As part of its growing partnership with the Los Angeles Chargers, Orange County United Way paired up with the football team to treat more than 180 local students to a special day of football and fun – showing local children active and healthy lifestyles.
On Monday, March 18, the Play 60 Junior Chargers Training Camp headed to Paul Revere Elementary School in Anaheim where Orange County United Way implemented his first Impact Hub, with the support of the Women’s Philanthropy Fund.
In line with Orange County United Way’s Healthy Schools Initiative, the mission of the Play 60 camp is to make a positive impact on youth through teaching football skills and emphasizing the importance of getting 60 minutes of physical activity a day in a safe and fun environment.
During the first 60-minute session, 90 Paul Revere students in 3rd, 4th and 5th grades, participated in five skill-based activities set up in the schoolyard, ranging from run, pass and catch exercises to encouraging each other and having fun. The second 60-minute session welcomed 90 students in 2nd grade.
Orange County United Way’s Women’s Philanthropy Fund members Antonella Castro and Cinda Churm came off the bench to participate as volunteers for the training camp. They provided encouragement and motivation while leading students through the fun group activities.
A number of special guests also came out to be a part of the special one-day event, including Superintendent of Anaheim Elementary School District Christopher Downing, Orange County Department of Education executives Jeff Hittenberger, Chief Academic Officer and Orange County United Way Board Member, and Chris Corliss, Coordinator Health, Physical Activity and Physical Education, along with eight associates from Eaton Aerospace who volunteered their time to model healthy habits for the students.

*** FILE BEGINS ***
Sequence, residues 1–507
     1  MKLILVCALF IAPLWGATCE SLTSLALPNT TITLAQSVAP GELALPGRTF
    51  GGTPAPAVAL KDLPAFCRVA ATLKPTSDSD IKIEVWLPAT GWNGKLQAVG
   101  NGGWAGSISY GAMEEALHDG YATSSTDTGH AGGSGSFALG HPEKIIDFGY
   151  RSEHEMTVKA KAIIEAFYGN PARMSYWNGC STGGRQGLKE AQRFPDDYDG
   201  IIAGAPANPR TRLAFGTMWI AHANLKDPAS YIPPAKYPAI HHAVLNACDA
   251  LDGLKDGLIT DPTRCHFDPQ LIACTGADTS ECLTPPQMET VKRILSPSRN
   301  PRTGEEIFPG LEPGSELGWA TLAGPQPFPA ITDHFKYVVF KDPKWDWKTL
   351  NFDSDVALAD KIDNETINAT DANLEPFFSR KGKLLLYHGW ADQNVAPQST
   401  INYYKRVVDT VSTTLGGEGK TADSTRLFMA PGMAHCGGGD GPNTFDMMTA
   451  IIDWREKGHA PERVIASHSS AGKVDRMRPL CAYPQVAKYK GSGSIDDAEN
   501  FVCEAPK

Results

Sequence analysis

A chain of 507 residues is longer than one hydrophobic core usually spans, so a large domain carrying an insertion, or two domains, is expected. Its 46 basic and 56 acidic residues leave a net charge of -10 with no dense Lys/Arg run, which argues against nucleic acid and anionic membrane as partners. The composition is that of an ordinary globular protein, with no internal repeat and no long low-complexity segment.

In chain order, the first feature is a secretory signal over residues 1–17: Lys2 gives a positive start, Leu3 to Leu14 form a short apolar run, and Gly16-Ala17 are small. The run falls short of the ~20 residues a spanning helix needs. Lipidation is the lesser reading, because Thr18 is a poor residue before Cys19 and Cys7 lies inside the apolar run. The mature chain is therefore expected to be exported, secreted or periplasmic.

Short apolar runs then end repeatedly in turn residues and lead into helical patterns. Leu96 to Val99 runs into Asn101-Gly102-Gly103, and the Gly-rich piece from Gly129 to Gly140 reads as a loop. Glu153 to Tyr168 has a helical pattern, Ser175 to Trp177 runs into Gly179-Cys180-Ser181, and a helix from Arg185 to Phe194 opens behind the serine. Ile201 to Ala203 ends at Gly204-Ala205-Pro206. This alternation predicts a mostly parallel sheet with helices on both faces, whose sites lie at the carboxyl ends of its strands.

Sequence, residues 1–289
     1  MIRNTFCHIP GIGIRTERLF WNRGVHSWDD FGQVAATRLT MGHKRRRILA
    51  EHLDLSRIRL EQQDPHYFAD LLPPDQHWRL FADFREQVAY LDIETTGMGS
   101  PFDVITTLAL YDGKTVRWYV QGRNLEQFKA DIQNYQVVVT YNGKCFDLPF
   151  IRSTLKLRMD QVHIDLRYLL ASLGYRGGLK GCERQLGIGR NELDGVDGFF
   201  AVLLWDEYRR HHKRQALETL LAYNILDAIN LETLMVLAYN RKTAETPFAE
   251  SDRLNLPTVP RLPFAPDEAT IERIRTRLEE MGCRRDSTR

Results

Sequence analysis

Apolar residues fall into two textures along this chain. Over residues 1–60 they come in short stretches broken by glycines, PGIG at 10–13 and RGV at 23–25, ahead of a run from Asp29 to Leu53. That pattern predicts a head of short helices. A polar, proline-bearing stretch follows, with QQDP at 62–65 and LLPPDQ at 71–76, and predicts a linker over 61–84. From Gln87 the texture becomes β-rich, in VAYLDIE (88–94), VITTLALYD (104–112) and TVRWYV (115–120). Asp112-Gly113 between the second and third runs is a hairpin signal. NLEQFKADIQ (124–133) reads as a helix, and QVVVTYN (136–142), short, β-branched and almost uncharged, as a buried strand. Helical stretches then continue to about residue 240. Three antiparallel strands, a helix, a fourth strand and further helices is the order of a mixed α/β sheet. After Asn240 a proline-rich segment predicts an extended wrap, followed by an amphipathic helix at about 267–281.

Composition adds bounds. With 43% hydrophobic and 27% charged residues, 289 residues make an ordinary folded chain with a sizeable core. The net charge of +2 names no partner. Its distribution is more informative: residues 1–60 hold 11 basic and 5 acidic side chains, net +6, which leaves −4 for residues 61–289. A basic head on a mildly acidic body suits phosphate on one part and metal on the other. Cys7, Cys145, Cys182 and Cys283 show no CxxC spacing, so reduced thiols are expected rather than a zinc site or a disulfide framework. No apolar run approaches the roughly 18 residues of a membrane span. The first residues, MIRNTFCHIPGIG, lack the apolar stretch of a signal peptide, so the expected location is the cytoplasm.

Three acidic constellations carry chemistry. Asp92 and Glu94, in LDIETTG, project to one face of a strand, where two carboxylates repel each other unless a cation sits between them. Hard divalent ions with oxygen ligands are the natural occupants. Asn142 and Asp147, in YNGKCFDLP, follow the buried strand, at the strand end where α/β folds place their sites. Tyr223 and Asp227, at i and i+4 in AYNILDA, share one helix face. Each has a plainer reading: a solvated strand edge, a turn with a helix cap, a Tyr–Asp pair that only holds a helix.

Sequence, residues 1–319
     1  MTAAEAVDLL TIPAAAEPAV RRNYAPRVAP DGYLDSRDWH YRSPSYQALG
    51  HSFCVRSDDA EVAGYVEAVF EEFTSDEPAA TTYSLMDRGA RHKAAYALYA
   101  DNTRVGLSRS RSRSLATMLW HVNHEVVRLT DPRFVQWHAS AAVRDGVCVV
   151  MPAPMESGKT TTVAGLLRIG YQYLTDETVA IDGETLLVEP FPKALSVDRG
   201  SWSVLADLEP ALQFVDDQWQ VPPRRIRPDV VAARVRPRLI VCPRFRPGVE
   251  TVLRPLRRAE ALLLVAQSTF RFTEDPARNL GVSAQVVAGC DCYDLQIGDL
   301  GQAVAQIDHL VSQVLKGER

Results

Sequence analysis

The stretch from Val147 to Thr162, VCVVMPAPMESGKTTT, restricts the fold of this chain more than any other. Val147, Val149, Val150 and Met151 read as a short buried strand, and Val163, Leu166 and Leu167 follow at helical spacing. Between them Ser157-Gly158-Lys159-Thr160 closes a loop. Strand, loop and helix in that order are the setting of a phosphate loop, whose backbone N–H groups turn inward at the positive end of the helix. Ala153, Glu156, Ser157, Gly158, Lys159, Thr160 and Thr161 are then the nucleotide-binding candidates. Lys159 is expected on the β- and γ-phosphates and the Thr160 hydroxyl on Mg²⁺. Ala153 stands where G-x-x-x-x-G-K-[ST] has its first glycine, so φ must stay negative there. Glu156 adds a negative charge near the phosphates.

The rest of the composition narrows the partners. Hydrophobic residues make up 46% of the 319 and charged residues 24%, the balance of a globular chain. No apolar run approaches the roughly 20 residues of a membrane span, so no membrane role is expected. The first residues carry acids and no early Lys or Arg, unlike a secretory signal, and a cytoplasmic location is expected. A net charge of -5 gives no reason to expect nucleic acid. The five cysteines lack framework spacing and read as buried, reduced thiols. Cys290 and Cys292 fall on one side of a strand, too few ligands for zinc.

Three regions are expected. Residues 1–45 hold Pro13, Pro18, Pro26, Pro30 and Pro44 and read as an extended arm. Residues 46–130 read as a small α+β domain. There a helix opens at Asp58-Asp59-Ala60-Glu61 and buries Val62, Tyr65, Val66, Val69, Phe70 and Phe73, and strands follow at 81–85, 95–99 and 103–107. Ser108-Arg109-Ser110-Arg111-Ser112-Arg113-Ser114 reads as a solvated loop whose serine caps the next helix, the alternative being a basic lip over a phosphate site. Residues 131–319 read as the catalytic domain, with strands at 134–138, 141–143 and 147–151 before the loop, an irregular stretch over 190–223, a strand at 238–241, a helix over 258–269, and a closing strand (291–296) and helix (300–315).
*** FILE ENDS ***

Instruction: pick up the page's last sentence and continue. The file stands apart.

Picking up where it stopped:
Although Orange County has a reputation for good health and for being one of the most affluent communities in the nation, there is a high disparity between family income and the cost of living, which strongly affects the health of those living in economically disadvantaged areas. With one-third of Orange County children overweight or obese, Orange County United Way is committed to cutting the childhood obesity rate by one-third in Orange County by 2024.
Students who are physically active do better academically, are more likely to graduate from high school on time and attend college or post-secondary education and grow up to be healthy, productive adults.
Through partnerships like this with the Los Angeles Chargers, Orange County United Way is doing more to ensure the overall success and well-being of every child here in Orange County. With the Healthy Schools Initiative, United Way and its partners are working together to create beneficial school environments to ensure the overall prosperity and success of each child.
Are you ready to invest in the health of Orange County’s future?